But I go into therapy and I’m like, ‘Fuck, just fucking tell me what I’ve got to do, let’s just fix it’, and that shits me. So I have days when I’m just so angry and just so sad and it’s a vicious cycle.


I know I’m not right, and then I hate myself for it.


And then I have this big inner turmoil, and then every time I walk into the footy club it just reminds me that I’m not the person I want to be, or the player I want to be, and I’m not achieving and it’s just this big, big, vicious, spiral.


It’s too easy to blame social media. Bucks is a very enlightened man, and it was really interesting, because when it all came out, I was like, ‘I’m not talking to media, I’m not talking to anyone, fuck everyone, I don’t want to do anything’.


I was just seeing bits and pieces float out on the news and Bucks summed it up perfectly. He said, ‘The way the media works, the media need answers for everything. Right now they know that you’ve got depression. They don’t know why. They need something to label it on, so use social media’.


And I was like, ‘Social media is not even a blip on my radar. It’s the least of my worries’. But everyone thought, ‘It’s social media. It’s put all this scrutiny on the boys, that’s what it is’.


And I have no doubt social media does hurt a lot of people, but I’m not big on it. I don’t use Twitter much, and my Instagram’s private. Social media’s not even part of my life.




It’s still early days, but my theory is it’s a perfect storm of personality and environment.


I’m a massive extrovert and I love to be around people and I love to be up and about, and, in football clubs, everyone knows how you feel, everyone knows how you are, because literally you walk into the club and you’re meant to fill out a diary to tell them.


How’s your body? How’s your mind? It’s just like everything’s out there to be seen, so there’s that.


And, personally, I’m always crying out for empowerment and autonomy and I want to take the reins a bit, and AFL culture doesn’t really allow that.


Footy clubs now, they’re like high schools. You be here at this time and we’ll be here at this time, and we’ll tell you what to do, and you’ll do this and this. That’s hard for me.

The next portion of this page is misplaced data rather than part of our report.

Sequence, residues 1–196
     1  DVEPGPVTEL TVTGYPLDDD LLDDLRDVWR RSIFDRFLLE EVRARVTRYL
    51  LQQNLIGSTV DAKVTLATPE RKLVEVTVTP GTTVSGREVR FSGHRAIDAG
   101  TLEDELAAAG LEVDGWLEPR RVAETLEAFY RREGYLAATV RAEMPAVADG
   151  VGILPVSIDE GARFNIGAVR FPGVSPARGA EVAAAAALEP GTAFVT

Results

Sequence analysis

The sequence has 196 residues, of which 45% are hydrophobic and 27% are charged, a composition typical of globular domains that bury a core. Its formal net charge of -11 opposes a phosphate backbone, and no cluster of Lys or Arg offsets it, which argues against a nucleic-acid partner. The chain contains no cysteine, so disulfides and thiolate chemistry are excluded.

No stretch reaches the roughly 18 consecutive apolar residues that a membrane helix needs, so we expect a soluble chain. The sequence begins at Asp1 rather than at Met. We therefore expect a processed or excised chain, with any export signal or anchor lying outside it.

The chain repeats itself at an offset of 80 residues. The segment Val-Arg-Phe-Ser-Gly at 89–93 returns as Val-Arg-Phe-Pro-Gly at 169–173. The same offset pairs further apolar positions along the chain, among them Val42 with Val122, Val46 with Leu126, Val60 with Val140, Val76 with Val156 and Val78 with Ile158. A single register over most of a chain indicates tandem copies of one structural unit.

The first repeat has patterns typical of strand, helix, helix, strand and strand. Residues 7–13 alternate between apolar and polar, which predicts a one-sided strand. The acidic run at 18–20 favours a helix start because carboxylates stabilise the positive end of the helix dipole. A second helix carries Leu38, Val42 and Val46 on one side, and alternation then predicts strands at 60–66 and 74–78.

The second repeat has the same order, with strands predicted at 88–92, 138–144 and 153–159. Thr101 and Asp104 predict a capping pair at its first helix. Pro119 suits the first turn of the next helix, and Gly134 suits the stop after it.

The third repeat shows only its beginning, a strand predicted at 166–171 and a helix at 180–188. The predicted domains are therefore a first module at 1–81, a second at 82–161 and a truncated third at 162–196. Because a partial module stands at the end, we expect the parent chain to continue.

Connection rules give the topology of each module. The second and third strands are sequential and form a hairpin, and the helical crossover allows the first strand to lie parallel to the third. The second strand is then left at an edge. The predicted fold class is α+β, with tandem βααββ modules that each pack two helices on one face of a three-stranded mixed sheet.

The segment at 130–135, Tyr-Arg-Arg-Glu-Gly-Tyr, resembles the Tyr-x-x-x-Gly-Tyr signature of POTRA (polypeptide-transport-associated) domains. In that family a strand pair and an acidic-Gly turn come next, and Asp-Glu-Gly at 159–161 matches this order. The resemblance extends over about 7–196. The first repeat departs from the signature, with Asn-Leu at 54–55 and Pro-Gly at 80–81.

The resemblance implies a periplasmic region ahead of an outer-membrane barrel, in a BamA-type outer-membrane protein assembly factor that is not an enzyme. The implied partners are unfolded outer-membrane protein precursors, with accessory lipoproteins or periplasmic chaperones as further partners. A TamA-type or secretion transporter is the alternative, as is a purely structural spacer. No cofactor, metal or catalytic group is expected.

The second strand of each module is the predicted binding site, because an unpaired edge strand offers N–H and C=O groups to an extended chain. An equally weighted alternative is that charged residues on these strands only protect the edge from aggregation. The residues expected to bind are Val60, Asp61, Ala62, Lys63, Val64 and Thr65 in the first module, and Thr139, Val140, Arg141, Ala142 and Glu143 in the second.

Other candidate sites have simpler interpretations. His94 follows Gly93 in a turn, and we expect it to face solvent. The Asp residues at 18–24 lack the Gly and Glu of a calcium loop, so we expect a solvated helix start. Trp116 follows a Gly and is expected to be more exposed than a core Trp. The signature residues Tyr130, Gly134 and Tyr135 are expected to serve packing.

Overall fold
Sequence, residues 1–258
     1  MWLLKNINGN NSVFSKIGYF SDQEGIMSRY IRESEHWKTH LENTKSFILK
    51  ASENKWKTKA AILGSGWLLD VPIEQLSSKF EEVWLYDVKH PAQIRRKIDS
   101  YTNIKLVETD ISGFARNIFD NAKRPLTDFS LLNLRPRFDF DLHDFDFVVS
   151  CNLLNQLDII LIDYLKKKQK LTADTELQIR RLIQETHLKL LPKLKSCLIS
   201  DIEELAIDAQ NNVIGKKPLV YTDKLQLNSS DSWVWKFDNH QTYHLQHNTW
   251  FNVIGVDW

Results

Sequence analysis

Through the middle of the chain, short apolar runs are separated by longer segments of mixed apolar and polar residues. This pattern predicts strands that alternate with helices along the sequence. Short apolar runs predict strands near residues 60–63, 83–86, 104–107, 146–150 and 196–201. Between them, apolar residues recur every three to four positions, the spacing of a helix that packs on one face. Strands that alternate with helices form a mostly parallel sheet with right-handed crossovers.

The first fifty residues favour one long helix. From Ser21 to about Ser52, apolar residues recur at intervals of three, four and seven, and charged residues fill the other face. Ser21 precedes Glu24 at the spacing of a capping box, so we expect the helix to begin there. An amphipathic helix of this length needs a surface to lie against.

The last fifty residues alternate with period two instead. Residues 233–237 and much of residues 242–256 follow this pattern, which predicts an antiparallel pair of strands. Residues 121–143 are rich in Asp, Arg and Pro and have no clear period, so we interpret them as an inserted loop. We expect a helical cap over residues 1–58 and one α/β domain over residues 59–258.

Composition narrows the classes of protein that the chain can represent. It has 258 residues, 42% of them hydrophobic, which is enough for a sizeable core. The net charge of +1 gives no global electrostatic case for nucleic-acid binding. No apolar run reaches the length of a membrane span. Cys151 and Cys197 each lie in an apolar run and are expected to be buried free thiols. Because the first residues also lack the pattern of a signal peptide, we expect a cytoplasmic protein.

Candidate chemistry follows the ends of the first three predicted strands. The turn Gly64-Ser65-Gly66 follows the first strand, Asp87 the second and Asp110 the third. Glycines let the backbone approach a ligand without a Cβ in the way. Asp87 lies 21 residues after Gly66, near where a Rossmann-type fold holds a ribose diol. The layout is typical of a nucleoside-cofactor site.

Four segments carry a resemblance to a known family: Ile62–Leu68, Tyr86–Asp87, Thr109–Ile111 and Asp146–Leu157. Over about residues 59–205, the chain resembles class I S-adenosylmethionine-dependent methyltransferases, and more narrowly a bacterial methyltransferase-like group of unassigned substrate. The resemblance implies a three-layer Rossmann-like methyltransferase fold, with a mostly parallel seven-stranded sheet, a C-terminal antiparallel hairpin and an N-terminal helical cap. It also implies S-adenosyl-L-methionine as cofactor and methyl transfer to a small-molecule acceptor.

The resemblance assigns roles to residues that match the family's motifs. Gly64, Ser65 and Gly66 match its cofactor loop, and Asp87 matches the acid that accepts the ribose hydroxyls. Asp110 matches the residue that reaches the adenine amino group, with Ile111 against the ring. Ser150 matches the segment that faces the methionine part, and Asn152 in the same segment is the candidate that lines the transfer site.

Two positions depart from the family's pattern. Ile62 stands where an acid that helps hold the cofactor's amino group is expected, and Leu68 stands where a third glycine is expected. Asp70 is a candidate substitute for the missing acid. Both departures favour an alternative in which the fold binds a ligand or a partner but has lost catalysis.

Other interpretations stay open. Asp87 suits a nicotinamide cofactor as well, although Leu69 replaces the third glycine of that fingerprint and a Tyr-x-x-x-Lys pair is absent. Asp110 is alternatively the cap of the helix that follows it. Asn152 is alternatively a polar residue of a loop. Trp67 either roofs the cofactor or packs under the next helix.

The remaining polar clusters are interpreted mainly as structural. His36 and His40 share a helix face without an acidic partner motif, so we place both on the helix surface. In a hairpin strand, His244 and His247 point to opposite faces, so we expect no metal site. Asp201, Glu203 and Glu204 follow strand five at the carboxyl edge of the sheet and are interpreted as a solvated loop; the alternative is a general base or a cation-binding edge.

A big thing, and something I’m starting to work out, is that I need to find something else in my life.


I study away from footy – I’m trying to knock out a psychology degree, ironically. And this is not a whack on footy; AFL’s great, I understand it’s great for people and it gives people a lot of happiness.


But for whatever reason it doesn’t seem to stimulate me in the way that I need, and I struggle with the feeling that I’m not bettering other people enough.


So I need to find something in my life where I really feel like I’m making a difference, and that’s eating away at me subconsciously.




Since all this came out it’s made the club environment a lot better. It was really nice to give everyone some understanding, because I felt like such a shit bloke, not being able to look blokes in the eye and stuff.


When my psychiatrist stood up and spoke to the boys I was so happy. I just wanted everyone to know, like, ‘I don’t hate you guys. I love you so much’.


I’d hate to imagine where I’d be if I didn’t have that amount of support around me, I think I was heading down a really slippery slope, so I’m really lucky. The coaching staff and Bucks have been just really amazing.


My advice to anyone else in this situation: stop being in denial. Just go and see someone. And talk to your mates.


Talk to anyone you can. Having close mates at the footy club and a coach like Bucks made my life easier. I also have a family that love me. I owe a lot to Mum and Dad. They copped the brunt of my bad times.


If you think something’s not right, just say something. I just know as soon it came out in the open – I still didn’t want to talk to anyone about it, but at least things become more clear.


Depression is a muddled, confused mind, basically, and as soon as you get some clarity and a little bit of information, half the battle’s won.


If you or someone you know needs help, please contact Lifeline or Beyond Blue. 


More information on R U OK? Day.





More about: | |